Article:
Connecting…

As ‘Connected Educator’ month comes to a close in the US, it seems prudent to reflect on my own networks and connections. I actually think that I have always been a ‘connected’ educator in some form or another.

When I first began teaching, connections were something that generally happened face-to-face. I developed a mentoring partnership with a more experienced teacher in my school. All of the new teachers in our town met frequently to share and discuss our experiences. As I attended conferences and workshops I extended my networks to enable connections with educators from outside of the town in which I lived. These people were always available by email plus we seemed to have regular ‘reunions’ at various conference events. All of these connections were of value to my professional growth and development yet they rarely involved technology as a means of connecting.

It wasn’t until 2010 that I was asked why I was not on Twitter. This was a tipping point. I took a leap of faith and jumped into the world of Twitter and 140 characters. I started out as a lurker (as many do) before beginning to share resources, respond to questions and join chats.


cc licensed ( BY ) flickr photo shared by Jennifer Boyer

After taking the plunge and starting to explore the amazing conversations that take place on Twitter, I decided that I too could begin to blog – just like all of those amazing people that I had been following on Twitter. Connecting with people beyond our geographic location brings richness and diversity to our networks. For educators such as myself who live in quite remote or isolated places, our online connections are often a lifeline to learning.

No matter how you connect with your PLN, the most important facets are the combining of ideas, the sharing of resources, the challenging of viewpoints and access to robust, professional discourse. Teaching is not an individual pursuit.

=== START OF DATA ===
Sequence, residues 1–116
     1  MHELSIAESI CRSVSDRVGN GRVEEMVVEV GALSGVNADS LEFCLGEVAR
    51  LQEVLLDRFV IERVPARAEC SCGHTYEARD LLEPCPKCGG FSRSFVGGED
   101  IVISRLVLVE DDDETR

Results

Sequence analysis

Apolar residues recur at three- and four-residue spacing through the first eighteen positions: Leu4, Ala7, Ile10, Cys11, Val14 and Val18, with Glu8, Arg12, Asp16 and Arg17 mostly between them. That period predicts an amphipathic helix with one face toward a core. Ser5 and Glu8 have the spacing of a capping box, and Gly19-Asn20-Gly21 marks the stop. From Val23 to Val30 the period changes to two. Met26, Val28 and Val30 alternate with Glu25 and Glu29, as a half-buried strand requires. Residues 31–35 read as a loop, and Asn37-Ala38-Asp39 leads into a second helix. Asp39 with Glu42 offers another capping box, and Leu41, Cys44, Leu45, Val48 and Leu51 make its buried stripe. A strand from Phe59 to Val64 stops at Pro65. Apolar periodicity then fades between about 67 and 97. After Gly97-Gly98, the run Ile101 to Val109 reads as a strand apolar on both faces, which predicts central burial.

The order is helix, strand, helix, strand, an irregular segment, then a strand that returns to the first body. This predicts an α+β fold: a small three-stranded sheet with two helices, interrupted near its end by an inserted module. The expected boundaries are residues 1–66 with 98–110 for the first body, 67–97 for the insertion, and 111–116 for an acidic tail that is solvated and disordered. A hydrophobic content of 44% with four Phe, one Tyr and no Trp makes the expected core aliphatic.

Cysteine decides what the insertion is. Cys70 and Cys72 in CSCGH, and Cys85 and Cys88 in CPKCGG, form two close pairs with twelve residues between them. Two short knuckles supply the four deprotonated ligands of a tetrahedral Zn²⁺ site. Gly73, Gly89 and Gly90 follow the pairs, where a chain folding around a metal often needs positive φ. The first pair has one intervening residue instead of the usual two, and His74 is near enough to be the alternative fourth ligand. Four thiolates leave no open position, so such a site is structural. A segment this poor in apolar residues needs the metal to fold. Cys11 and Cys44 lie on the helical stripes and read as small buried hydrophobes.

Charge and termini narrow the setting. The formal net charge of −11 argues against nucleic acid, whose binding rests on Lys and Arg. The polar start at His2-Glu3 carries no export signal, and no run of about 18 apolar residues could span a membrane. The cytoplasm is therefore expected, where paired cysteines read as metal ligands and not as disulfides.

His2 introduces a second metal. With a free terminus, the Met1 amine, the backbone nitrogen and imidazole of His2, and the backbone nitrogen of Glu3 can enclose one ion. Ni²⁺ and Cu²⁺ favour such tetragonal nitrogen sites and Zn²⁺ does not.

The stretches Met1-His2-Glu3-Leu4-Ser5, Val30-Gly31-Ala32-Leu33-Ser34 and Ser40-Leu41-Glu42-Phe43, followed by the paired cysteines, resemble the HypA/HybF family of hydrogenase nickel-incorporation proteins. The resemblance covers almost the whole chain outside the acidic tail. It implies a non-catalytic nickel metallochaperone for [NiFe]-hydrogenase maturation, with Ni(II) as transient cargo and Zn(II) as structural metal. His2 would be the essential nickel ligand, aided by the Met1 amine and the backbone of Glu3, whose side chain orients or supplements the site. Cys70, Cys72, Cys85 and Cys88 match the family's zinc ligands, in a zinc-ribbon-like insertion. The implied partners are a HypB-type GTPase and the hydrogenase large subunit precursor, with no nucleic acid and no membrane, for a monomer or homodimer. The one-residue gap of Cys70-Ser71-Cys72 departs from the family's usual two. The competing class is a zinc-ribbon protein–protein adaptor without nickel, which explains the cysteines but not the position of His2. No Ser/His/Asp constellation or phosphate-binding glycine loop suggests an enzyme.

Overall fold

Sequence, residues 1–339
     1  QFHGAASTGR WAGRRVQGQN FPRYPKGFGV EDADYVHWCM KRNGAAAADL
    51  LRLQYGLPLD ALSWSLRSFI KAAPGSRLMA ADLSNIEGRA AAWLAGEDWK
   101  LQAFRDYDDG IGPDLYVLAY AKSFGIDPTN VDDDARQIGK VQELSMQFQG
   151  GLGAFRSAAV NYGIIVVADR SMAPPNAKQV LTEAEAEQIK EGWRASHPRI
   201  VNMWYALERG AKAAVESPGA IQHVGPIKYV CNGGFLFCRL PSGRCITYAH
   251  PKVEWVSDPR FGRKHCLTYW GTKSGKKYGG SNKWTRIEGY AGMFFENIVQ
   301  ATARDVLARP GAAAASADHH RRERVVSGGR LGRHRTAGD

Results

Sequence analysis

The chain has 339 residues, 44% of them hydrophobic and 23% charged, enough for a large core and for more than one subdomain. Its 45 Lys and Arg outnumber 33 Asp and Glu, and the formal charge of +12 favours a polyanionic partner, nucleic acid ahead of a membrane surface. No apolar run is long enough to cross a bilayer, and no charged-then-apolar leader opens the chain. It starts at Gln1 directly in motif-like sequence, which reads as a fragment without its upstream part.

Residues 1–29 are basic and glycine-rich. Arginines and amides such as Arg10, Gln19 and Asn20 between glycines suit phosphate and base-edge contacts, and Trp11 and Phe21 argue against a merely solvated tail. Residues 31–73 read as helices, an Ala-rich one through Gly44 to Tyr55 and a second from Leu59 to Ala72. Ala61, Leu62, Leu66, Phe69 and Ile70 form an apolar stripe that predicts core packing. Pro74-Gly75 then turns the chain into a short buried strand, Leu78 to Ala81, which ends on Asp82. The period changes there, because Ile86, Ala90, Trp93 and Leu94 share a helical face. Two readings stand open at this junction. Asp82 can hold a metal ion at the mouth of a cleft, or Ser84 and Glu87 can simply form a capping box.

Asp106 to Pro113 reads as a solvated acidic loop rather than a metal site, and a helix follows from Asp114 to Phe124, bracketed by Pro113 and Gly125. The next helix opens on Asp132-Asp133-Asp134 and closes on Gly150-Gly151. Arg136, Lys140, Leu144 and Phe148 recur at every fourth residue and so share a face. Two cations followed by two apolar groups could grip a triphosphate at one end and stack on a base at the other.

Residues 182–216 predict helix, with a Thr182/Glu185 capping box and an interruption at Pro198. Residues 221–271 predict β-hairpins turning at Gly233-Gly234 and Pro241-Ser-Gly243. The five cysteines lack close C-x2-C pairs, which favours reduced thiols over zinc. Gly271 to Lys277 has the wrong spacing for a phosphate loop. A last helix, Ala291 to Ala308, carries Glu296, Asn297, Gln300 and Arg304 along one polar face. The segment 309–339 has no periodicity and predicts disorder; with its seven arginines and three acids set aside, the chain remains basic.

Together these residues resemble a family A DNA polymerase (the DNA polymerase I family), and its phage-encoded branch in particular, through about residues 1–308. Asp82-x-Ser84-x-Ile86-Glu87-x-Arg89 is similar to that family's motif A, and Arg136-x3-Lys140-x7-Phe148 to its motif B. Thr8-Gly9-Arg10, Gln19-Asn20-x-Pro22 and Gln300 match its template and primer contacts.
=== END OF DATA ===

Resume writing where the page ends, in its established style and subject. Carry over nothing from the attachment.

cc licensed ( BY NC ) flickr photo shared by ion-bogdan dumitrescu

And a quick thanks to Adrian Bruce (@adrianbruce) as he was the person who introduced me to Twitter.

Loving Quality Presenters

We all know the scenario… You walk into a professional learning event, curious about the upcoming learning and desperately hoping for a quality facilitator who will be engaging and dynamic. I think this expectation is even higher when the audience are educators themselves.

Last Thursday was one of these occasions and I must admit to being a little sceptical arriving for a Team Management Styles (TMS) professional learning event with our team. I was a little sceptical about the value of learning having ‘endured’ the TMS program previously and because I strongly believe that crap presenters can ruin any learning.

Within 5 minutes I was freshly surprised. The facilitator was outstanding. From the moment people entered the room, he engaged in conversation and began to develop rapport with participants. Preparation is key. He had everything ready to go – presentation slides, flip charts, room arrangement, handouts and resources were set up well in advance of the audience arriving. It’s really poor form on behalf of presenters to still be preparing the room when participants are arriving.